The deadline for the release was only a couple of hours away and there was still this small detail that wasn't implemented yet. You knew that the required functionality already existed in an internal class but there was no time to refactor the code to move it where you needed it now. So you quickly copied the method, only changing the method name and some variable names, to suit its new context. Knowing that code copying is bad you honestly intended to refactor immediately after the successful release.

However, after the release everybody took one month off. Coming back from the vacation you remembered your little sin and decided to refactor the cloned code before anybody noticed. Only the vacation was so relaxing you forgot from which part of the internal code you copied! You tried the Eclipse search options but because of the renaming of the copied code they couldn't find anything. So what can you do?

The Solution

With the help of JTransformer's “Copy Fact To Clipboard” Dialog detecting structurally identical or similar code is a trivial task:

  • In the Java Editor select the copied method. In our sample code linked above this is the method “hello_copy()” in “MyClass”
  • From the context menu select the “Copy Facts To Clipboard” action.
  • In the Copy to Clipboard dialog that appears select “Copy condition”. Since we are interested in finding the method that we copied from, change the name of the method id variable V1 to MethodID. This, of course, is not compulsory but makes the created condition easier to understand. After having done so the preview box will automatically update and the dialog will look like this:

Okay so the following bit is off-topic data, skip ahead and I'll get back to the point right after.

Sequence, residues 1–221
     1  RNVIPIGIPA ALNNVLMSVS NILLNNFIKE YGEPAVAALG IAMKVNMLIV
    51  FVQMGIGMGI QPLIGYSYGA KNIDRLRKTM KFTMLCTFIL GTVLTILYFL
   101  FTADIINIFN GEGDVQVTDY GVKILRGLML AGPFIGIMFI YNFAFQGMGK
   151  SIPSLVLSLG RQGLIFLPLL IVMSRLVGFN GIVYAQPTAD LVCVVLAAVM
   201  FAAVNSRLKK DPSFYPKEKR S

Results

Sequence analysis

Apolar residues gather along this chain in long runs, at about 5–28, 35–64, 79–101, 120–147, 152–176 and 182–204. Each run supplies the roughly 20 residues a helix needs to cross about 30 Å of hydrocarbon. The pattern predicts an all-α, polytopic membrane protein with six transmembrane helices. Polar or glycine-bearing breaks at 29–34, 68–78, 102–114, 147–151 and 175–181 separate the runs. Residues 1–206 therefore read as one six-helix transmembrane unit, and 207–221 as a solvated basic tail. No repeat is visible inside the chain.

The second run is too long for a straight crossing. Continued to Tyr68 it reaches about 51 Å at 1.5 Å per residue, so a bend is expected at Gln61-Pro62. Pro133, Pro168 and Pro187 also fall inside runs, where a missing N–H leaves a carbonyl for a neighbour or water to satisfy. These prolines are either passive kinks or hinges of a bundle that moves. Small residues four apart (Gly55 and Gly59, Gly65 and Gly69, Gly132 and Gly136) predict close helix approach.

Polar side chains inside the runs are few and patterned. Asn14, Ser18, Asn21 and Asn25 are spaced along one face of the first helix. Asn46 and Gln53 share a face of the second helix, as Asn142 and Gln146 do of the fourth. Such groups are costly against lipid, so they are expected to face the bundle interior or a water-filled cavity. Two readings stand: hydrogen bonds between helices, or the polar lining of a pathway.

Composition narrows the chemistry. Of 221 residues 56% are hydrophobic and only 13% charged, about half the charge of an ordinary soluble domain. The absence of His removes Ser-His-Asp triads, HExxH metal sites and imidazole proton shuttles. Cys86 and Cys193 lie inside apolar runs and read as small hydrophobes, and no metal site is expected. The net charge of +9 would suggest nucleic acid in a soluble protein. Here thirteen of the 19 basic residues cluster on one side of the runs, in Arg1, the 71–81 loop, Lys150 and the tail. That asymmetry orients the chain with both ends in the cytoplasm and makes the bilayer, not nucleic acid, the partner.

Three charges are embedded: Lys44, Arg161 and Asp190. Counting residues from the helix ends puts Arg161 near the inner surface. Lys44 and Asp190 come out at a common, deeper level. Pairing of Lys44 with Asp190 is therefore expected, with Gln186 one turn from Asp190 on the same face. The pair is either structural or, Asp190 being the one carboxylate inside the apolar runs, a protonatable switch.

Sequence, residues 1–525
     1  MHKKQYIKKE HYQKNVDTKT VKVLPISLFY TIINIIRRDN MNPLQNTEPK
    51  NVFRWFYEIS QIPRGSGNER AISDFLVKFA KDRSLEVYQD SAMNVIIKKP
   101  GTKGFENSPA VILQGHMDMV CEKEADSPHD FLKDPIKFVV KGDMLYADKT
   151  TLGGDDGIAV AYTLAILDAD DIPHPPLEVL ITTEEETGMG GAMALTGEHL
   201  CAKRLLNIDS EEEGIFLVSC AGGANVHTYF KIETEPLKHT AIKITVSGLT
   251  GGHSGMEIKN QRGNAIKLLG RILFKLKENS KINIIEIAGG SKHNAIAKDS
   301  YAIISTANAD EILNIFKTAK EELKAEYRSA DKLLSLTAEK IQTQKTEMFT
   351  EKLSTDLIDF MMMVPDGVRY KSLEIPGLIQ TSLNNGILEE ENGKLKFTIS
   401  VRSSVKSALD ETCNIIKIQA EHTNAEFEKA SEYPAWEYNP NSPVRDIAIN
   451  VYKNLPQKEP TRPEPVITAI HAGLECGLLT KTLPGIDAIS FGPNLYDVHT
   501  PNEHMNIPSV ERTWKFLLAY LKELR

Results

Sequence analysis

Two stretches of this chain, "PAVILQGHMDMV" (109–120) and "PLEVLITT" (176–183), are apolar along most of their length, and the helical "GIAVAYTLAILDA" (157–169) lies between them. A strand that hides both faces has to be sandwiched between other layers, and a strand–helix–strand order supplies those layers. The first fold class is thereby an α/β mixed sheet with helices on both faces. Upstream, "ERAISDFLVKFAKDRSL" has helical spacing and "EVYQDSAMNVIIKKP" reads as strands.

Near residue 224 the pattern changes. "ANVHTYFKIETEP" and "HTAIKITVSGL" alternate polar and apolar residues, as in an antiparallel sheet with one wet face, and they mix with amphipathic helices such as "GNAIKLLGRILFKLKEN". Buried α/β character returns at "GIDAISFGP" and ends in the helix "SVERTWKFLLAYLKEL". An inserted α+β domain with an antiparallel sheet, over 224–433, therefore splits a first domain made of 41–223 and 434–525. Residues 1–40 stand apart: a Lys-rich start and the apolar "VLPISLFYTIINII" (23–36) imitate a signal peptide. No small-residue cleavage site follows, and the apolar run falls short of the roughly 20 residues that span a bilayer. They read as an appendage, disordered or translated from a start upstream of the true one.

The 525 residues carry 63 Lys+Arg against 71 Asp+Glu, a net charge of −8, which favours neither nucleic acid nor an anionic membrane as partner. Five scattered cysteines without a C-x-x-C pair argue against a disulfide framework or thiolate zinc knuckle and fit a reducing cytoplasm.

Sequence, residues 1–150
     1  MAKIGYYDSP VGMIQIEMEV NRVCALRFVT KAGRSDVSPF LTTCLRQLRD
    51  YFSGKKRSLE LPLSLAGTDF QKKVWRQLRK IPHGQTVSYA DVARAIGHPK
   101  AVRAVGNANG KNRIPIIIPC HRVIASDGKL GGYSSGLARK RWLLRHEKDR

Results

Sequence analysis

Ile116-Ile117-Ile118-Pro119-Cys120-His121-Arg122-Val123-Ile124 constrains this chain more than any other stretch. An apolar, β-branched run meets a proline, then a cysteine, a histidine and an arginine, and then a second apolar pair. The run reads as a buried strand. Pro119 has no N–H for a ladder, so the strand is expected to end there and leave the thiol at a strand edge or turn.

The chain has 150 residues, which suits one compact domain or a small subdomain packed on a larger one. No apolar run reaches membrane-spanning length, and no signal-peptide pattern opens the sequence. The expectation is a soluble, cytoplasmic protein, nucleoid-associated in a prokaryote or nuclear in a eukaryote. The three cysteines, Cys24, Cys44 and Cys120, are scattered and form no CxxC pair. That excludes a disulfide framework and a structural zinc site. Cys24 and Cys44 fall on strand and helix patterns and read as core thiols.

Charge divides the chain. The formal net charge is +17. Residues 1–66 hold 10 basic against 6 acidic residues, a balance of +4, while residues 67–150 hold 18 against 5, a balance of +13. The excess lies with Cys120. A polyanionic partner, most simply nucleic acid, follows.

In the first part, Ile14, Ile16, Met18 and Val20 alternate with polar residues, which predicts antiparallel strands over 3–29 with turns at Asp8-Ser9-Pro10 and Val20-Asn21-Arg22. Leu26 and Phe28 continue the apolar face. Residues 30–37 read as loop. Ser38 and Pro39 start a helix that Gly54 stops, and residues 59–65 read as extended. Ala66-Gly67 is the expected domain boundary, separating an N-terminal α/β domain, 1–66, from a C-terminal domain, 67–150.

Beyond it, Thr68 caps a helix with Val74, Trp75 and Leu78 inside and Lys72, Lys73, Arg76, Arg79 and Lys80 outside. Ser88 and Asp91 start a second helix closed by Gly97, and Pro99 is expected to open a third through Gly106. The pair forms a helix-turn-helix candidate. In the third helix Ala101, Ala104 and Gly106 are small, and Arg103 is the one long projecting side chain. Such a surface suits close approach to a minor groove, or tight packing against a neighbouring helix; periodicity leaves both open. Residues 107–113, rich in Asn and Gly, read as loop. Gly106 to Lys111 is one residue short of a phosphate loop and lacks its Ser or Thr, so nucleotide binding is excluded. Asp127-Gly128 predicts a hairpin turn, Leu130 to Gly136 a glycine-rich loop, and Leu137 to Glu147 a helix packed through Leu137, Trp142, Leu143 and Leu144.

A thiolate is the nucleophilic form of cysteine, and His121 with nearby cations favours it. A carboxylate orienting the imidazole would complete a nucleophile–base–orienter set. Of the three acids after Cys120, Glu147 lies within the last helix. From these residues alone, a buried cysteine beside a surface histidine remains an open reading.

• Click on “Copy”. Now the condition facts are in your clipboard.
  • Create a new file in your project and name it “”2). Paste the condition facts in the empty file.
  • To be able to call this complex condition easily, turn it into the body of a predicate definition:
    • type “find_copy(MethodID) :-” in front of the condition to add a

predicate head that is parameterized by the ID of the method you want to find.

  • make sure that the condition is terminated by a period (”.“).
  • Now adjust your new predicate definiton to suit your needs: